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Google's filing  (Source: Scribd)
Refusal to consider competitors other than Microsoft partners violates the law, Google argues

Last time a software company this big went to war with the United States government, it was Microsoft Corporation on the receiving end of antitrust accusations.  This time around it is the U.S. government on the defense, as the world's largest internet firm, Google Inc. accuses the U.S. federal Department of the Interior of collusion with Microsoft to illegally hand it email contracts without reviewing competitors products, including Google.

Onix Networking Corp., an enterprise reseller of Gmail and Google's other internet software services is listed as a co-plaintiff in the suit.  Microsoft is not formally listed as a defendant.

The DOI last year went looking for a web-documents service.  However, it decided early along to only consider software offerings that were part of Microsoft's Business Productivity Online Suite, essentially excluding Google and other third parties.  Google called that decision "arbitrary and capricious".

It began by writing the DOI a complaint letter in the spring, in which it asserted:
We believe these Microsoft-based requirements would violate the Competition in Contracting Act because they bear no rational relationship to the DOI's needs, are not written to enhance competition or innovation, and unduly restrict competition.
Google claims the DOI representatives responded with "assurances to Google representatives that DOI would conduct a full and open competition for its messaging requirements."  But no such investigation appears to ever have occurred.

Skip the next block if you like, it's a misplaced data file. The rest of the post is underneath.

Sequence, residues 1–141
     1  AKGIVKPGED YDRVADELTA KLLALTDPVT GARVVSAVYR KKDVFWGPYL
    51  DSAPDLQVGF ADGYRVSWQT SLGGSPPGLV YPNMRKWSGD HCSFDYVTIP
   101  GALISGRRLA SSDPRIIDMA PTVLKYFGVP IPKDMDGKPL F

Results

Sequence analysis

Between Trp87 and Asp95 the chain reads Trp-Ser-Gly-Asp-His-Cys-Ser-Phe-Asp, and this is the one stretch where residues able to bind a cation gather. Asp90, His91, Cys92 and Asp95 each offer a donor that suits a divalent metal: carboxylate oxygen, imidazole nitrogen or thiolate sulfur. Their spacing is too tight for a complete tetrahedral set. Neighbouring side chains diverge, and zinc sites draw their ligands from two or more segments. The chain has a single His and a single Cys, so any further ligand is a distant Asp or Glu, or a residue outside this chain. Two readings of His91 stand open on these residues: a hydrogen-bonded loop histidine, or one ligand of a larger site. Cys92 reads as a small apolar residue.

Some observers are surprised by Google's decision to pursue legal action against the U.S. government.  The internet company is thought to be among the highest profile highest antitrust targets in America's tech industry.  The suit strikes some observers as a surprising role reversal.

Google claims claims that its under antitrust suspicions are fallacious and insists that it's still a "small" company compared to other giants like Microsoft.

Microsoft has been feeling the heat from Google and other "free" or ad-driven software makers.  The company recently ran an aggressive campaign attacking Sun Microsystem's free Open Office 3 suite, which some are viewing as a competitor to Microsoft's lucrative Office suite.


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RE: Eww
By pequin06 on 11/3/2010 7:16:19 PM , Rating: 2
I do know what I'm talking about.

You show you don't know what you're talking about by saying things like this
quote:
only IE can get borked up by visiting malicious sites. I've never seen a site/adware trying to hijack the homepage of install toolbars into FF, Opera or Chrome.


You Firefox fanatics are just about as bad as Apple fanatics.


RE: Eww
By bug77 on 11/4/2010 7:17:13 AM , Rating: 2
Sure you do.

1. At any given moment, there are about 5 different sites running scripts on your computer when you visit DT, so your statement that only those who visit questionable sites get popups and such is surely based on a lot of understanding.

2. Yes, technically FF can be hijacked. But over the years when I had to fix friends' or neighbors' browsers, it was always IE full of toolbars and/or showing 10 popus at each startup. After I installed FF for them, they never had a problem again.

3. Do you know a lot of FF fanatics that keep at least 3 browsers installed all the time? (Not to mention I only use primarily FF at work.)


"There is a single light of science, and to brighten it anywhere is to brighten it everywhere." -- Isaac Asimov














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